Amazing how an old mattress and box spring wedged into a U-Haul can bring on a moment, a memory, so strong you find yourself on the verge of tears. I was walking my constipated little dog on a Sunday morning as I watched my young neighbor packing to move. She had help--- Dads and those orange and white trailers seem to go together. I was taken back some twenty odd years ago to my own move.
I asked where she was going and “D.C.” was the answer and of course she added, “I will miss New Orleans”. I wasn’t acquainted with her well enough to know if this place was her home or just one along the way and her voice didn’t convey how she felt about her new destination. But there’s always a tinge of doubt or regret attached to every move so I told her that it might be the best thing she’s ever done. My big move certainly was.
As I walked on I thought how different and small my life would be today had I not loaded up my belongings and left my hometown. Yet, on that long ago morning, as I hugged and cried good-byes with Mom and Dad, it was not done with certainty. Unpacked and left behind would be every comfort dear to me.
Sometimes we never know how much we need a change. Rearrangements of an office, landscape, or home can produce more efficiency, growth or comfort. But changing one’s heart or mindset can change the world or at least your own. A relationship, like the one that leaves those blue and black smudges along your arm that fade just in time for the next round of tattoos you can’t explain away, is something worth evaluating. If you find your life is worth saving then you dump their sorry ass. Change is food; it fuels us for the next step.
Through my years as a waitress I have heard, more often than not, complaints, rants, and moans about the trays attached to our hands and the seemingly endless circling of tables for tips. Customers become the enemy. And for those who do not choose this lively-hood but instead fall into it the entire restaurant becomes a hostile territory. They need to quit and stop denigrating a profession that for some folks is fulfilling.
About ten years ago I felt the same way— burned out and abused by the restaurant grind. I changed to a less tourist driven café in the business district. It was light years away from the Quarter. My long standing customer base of folks attired in tee-shirts, shorts, tennis shoes and the obligatory strand of Mardi Gras beads was replaced by coat and tie, heels and Gucci. Suits from the legal and business sector. Oh Gawd! A big mistake. Within a month I longed for all the inane chit chat and questions presented by the tourists because at least they wanted to look me in the eye and pass a good time—they were on vacation, fun and relaxation were what they wanted. My suits were in a hurry to get back to work or talk shop with their table companions. I was simply a server—no more, no less.
I had always thought I wanted a more gentile profession like selling art or ladies clothing. So back to the Tourists Sector, but I would skip the waitressing. I hung up my apron. No more slip-proof shoes for me. No more smelling like stale beer and gumbo. I could dress like a lady! I was Miss Eliza Doolittle. I was a Shop Girl. But retail sucked the soul out of me. I stank like a fish out of water. Sometimes a change is needed…to realize that you don’t really want a change.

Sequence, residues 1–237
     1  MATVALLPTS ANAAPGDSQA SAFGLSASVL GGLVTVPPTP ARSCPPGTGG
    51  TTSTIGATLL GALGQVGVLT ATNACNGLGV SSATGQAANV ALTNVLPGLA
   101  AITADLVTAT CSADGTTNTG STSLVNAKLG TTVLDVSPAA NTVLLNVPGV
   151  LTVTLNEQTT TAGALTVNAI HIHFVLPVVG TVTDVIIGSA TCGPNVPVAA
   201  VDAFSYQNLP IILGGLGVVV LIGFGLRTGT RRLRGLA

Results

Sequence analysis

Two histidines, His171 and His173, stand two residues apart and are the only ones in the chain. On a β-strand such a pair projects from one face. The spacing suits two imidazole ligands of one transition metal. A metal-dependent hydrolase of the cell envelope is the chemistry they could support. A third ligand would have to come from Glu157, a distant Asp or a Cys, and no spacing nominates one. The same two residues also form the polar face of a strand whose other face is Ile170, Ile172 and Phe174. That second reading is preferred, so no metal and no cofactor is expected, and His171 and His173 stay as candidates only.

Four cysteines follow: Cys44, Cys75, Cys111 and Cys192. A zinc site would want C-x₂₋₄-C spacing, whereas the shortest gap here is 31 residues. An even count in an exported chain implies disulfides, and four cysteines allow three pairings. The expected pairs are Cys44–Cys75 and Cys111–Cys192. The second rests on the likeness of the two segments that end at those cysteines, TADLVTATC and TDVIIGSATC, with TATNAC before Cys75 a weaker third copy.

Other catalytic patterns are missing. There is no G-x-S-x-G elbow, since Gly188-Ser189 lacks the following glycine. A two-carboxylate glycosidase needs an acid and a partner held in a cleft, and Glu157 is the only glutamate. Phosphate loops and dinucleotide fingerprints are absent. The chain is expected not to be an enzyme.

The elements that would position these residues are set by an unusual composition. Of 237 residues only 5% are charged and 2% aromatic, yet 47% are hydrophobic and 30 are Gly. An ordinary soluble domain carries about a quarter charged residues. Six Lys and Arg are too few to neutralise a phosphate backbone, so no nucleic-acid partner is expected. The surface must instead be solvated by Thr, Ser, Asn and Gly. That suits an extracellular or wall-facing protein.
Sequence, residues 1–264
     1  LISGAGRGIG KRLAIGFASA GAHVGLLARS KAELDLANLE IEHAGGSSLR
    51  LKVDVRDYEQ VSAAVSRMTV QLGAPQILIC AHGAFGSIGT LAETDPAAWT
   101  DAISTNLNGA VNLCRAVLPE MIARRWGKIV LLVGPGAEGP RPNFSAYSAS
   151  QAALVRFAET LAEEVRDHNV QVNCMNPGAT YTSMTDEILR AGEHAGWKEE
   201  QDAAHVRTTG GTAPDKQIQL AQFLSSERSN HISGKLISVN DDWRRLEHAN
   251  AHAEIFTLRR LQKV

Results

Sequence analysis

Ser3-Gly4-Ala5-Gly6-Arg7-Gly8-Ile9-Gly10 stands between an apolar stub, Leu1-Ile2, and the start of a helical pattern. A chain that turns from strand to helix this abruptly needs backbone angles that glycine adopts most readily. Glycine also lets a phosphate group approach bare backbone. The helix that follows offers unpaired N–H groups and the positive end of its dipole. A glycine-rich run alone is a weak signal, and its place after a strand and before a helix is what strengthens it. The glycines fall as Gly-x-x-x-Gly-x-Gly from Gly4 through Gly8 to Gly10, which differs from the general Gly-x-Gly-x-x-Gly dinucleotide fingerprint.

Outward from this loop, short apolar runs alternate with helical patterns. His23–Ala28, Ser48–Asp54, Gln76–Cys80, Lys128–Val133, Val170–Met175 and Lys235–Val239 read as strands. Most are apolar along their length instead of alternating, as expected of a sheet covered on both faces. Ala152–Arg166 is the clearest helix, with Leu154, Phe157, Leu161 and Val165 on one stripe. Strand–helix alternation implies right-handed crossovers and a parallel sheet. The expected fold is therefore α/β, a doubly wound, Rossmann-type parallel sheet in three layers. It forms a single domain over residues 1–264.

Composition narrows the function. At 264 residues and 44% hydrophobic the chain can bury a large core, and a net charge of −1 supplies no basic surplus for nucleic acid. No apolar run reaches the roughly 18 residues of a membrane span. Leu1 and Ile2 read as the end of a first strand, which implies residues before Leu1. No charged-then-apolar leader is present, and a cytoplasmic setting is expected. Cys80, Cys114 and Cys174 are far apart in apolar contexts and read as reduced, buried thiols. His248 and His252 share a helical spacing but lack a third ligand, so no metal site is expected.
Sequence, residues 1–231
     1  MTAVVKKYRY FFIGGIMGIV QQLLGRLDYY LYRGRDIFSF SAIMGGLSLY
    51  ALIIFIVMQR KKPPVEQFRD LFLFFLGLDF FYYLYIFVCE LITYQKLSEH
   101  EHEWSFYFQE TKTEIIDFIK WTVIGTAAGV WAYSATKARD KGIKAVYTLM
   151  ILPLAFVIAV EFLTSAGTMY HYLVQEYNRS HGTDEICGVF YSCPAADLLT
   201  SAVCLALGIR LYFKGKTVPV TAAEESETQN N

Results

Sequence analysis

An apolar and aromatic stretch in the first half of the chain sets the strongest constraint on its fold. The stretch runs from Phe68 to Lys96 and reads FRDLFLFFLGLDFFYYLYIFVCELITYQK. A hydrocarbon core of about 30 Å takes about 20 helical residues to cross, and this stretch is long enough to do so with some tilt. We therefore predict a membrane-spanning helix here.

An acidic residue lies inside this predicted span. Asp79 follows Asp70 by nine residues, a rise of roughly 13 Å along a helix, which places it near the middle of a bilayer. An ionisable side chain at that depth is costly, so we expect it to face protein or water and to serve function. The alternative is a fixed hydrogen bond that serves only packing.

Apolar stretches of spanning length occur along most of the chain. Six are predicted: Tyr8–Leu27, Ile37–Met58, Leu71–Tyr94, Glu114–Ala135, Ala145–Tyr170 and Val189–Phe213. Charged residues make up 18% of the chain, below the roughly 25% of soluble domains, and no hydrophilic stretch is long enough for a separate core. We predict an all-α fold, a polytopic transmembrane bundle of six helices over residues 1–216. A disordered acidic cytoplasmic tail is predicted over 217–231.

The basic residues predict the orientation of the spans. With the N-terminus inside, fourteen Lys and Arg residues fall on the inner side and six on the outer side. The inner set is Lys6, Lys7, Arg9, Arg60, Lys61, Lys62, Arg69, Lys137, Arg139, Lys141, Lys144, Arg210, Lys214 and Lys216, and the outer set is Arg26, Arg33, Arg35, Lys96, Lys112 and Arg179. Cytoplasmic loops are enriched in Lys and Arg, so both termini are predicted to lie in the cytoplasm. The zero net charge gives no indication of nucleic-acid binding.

Taking a chance, changing a routine, or just following a twist of fate can open up a new world. Even save your life.
Cooking lasagna saved my friend’s. She was stressed to the extreme preparing this dish for a dinner date. A migraine ensued and a fortuitous visit to her doctor followed. Instead of the usual approach of masking with medication this doctor ran tests--he just didn’t think a healthy young woman should have these headaches. Bingo, she had Hodgkin’s. This cancer was in the early stages; they nailed it, and that was thirty healthy years ago.
Don’t wait for lasagna to rescue you—give fate a nudge in the right direction. Be brave and find out why you’re suddenly too thin or have a lump in your breast. Can’t get it up anymore? Well Mister, there is a reason; and it might not be the end of the world—if you’d change your routine just long enough to visit your doctor. Be in control of change. I nearly let a blemish on my face have the upper hand. The Dermatologist diagnosed Basal Cell Carcinoma and it was removed. Not the big daddy bad ass C. So what’s the big deal? Had I waited it would have found its way into the eye socket and there would have been much more to remove--my eye for example. Tackle change on your own terms and maneuver the outcome to your advantage.
Lack of change, an opportunity left unvisited, chances on love not taken, walks cut short, corners not turned…and the regrets that linger. But here’s the kicker: for every adventure not explored there is something left in its place and the fate that fills it can surprise and be even more fulfilling. But if you do not recognize these moments they might slip by without a memory, a photograph, a lesson learned.
The love of my life found me because of moments and past loves that didn’t work out or last. Failed, outgrown, or ill-fated relationships, which at the moment seemed soul shattering, were simply steps along the way. There have been many fingerprints placed upon my heart but only one holds it now— and I damn well won’t let him drop it. A lot can change in a moment and if lucky some things can last a lifetime. Make those moves, turn those corners…see what happens.